I can honestly say that Lynn Shelton's "Humpday" is one of the most undervalued films I've seen in a while. I know it has its detractors, but I felt it was a spot-on comedy of awkwardness and bluster featuring three terrific lead performances! So checking out the director's other work was a no-brainer. Shelton's micro indie "My Effortless Brilliance" fits comfortably in the same wheelhouse but it is evident that the film is a precursor to the more accomplished "Humpday." Still an enjoyable excursion into improv drama, "My Effortless Brilliance" may suffer from being too slight. It's pleasant without being memorable. If you're fans of this genre (and if you don't readily identify what this genre is--you probably aren't), I'd definitely recommend the film. If you're just discovering it, however, try "Humpday" or a Duplass brothers' film and then revisit this one.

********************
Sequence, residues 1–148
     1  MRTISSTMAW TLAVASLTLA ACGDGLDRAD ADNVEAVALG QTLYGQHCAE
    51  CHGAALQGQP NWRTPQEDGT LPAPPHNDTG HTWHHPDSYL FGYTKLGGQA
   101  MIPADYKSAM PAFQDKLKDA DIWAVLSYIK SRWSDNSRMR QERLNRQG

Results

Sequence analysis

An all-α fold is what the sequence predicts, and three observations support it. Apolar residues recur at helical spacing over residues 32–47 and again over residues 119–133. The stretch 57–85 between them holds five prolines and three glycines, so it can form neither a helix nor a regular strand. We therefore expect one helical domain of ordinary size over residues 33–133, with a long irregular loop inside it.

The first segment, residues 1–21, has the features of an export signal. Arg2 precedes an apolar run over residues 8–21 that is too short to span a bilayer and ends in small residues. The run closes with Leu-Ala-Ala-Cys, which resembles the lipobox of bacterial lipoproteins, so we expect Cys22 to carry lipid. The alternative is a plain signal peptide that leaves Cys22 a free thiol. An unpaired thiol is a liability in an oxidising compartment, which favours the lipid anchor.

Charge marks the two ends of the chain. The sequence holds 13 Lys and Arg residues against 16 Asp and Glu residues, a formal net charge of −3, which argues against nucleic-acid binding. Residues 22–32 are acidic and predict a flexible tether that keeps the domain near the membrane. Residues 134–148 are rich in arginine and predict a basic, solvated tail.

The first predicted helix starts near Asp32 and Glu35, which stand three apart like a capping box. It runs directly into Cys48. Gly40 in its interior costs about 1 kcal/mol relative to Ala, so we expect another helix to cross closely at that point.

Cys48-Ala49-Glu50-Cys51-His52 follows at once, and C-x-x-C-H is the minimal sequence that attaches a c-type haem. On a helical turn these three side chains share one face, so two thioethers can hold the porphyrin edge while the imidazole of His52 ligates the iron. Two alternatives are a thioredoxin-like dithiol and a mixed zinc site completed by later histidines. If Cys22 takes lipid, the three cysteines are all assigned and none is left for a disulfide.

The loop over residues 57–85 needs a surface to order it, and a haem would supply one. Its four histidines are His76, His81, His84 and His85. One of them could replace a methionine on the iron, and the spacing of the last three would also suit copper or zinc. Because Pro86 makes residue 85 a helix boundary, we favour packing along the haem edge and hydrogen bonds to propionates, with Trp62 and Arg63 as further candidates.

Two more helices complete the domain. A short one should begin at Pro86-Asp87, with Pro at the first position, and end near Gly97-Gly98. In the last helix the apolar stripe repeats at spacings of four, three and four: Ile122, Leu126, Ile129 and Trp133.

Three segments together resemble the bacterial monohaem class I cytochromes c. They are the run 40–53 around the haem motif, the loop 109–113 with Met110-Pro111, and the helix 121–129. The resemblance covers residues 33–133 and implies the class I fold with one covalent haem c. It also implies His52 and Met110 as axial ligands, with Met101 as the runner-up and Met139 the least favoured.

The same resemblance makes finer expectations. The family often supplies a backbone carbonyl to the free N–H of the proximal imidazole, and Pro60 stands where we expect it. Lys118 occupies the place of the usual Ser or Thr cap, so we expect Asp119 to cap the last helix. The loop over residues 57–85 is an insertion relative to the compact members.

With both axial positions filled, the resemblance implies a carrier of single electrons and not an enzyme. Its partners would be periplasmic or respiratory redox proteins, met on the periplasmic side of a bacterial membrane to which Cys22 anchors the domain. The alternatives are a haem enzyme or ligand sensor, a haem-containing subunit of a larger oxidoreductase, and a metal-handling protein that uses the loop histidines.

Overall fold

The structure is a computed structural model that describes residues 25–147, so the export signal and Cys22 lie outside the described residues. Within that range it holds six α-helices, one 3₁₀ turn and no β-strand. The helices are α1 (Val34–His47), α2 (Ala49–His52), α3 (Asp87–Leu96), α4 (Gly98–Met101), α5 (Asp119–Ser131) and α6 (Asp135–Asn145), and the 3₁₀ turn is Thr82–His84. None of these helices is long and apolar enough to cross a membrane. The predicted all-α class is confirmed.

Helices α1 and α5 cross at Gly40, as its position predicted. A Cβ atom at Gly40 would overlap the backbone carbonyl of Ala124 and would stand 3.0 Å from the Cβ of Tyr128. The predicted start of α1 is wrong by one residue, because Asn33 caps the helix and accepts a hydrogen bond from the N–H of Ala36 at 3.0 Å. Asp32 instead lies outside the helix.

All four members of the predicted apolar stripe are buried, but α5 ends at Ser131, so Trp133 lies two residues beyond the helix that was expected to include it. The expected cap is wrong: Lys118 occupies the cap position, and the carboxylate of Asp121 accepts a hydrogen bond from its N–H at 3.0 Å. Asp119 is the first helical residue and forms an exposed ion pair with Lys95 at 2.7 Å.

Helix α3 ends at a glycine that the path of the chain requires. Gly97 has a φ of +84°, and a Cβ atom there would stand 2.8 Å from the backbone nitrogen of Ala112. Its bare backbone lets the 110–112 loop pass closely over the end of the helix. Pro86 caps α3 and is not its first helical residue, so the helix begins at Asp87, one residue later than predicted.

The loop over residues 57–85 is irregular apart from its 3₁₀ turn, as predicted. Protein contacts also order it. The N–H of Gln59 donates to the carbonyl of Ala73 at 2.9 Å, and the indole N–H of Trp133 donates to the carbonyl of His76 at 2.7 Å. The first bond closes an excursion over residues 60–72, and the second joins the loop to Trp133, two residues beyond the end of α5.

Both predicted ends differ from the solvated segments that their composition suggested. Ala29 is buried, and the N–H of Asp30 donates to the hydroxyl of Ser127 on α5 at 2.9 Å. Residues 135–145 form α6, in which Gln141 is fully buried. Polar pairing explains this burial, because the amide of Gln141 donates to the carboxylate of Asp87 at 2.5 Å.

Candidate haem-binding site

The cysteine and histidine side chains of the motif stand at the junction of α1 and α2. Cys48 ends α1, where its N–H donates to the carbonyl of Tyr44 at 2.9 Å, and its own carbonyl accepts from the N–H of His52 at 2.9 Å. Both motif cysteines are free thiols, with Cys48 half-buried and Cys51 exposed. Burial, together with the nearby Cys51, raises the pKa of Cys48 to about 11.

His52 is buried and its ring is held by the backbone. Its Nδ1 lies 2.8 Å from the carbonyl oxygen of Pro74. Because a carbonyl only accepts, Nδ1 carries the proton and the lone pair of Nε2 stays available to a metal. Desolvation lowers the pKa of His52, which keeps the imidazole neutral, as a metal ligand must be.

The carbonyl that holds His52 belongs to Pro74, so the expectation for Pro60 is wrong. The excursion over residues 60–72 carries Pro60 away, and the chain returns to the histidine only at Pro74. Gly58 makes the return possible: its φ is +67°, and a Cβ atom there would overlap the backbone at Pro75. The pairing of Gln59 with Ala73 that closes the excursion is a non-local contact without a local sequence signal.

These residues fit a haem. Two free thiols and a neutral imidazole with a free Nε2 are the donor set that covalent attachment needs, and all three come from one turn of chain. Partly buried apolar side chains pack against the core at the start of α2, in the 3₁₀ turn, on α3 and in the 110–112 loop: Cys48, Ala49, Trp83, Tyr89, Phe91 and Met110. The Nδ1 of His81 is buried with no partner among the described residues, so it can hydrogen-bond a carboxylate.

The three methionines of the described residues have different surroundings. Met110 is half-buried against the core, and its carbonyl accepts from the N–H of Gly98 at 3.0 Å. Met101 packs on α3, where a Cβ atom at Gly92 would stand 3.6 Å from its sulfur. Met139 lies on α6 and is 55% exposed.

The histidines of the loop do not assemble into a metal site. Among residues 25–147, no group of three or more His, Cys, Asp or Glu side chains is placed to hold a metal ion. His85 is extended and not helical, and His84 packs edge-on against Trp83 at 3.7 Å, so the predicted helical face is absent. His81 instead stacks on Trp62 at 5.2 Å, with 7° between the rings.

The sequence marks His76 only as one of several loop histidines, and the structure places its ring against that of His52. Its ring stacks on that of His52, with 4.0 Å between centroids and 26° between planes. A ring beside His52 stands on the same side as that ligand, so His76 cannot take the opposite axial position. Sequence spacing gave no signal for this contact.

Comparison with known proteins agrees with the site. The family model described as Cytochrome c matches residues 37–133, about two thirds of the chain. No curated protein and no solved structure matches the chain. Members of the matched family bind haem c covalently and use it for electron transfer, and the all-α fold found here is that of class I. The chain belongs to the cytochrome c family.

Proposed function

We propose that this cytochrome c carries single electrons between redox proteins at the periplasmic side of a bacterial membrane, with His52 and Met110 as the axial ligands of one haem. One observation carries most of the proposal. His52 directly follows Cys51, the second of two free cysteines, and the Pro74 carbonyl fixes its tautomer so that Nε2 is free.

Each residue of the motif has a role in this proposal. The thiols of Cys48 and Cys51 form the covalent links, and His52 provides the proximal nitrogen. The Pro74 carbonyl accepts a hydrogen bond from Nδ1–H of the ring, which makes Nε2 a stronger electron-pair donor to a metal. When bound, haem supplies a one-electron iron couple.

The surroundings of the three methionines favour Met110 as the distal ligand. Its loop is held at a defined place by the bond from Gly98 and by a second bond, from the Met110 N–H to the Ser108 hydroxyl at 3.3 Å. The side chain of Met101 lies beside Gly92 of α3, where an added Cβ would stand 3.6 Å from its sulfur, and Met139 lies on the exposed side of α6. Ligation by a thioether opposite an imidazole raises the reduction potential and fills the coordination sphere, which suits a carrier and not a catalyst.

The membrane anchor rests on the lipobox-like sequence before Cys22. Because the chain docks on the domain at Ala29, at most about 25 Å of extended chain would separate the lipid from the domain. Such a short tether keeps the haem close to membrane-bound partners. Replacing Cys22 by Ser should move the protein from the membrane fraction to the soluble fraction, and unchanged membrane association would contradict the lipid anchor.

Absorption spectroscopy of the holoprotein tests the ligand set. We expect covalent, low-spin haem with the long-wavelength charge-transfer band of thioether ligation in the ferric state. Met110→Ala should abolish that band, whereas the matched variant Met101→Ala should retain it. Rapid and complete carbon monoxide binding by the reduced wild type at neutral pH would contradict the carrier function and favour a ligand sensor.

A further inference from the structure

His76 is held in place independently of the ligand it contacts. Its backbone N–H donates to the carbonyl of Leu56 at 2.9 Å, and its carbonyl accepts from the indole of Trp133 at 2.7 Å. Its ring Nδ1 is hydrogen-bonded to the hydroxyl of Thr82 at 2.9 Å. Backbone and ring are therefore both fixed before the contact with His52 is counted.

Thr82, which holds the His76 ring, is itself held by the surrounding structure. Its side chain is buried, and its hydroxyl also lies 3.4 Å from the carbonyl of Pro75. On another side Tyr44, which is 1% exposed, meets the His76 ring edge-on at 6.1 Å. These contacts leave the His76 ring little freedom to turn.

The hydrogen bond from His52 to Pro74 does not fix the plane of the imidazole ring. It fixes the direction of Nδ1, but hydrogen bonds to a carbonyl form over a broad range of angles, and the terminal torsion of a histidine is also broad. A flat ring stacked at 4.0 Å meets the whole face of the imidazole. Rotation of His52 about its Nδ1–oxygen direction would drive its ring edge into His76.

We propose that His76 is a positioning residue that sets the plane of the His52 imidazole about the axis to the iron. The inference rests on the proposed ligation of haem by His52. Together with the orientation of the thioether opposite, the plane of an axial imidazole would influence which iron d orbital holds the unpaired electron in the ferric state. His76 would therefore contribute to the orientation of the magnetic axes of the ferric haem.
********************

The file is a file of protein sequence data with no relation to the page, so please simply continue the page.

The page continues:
The story, what there is of one, is really secondary to the actors riffing off one another. A self-involved novelist has alienated his closest friend. Two years later, they meet up again for a few days of male bonding in the woods. That's it. If you need more high concept plotting, you're going to have to go elsewhere. There is some fish out of water comedy as the city boy adapts to the wild, some discussion of literature, plenty of drinking, a bit of wood chopping, and a delightful cougar hunt. What is special about "My Effortless Brilliance" (aside from the title which I might steal for my autobiography) is the verbal interplay. The two guys get past their standoffishness and start to embrace the casual pattern of friendship that is never forgotten. Sean Nelson and Basil Harris have a relaxed chemistry and when an delightfully intense Calvin Reeder (as a real outdoorsman) joins the team, the comic improv is satisfyingly goofy and entertaining.
The specific reason for the two year heterosexual break-up is never discussed in detail, and I thought that decision was inspired and realistic. What was more troubling, however, was that I never really understood how or why these two guys were friends in the first place. They have little in common aside from a playful banter--so I just had to take it at face value. Fun, yet ultimately superficial (largely for the reason I just mentioned), "My Effortless Brilliance" is a solid work by a director just finding a voice. I will watch out for Lynn Shelton because I like what that voice has to say. KGHarris 9/10.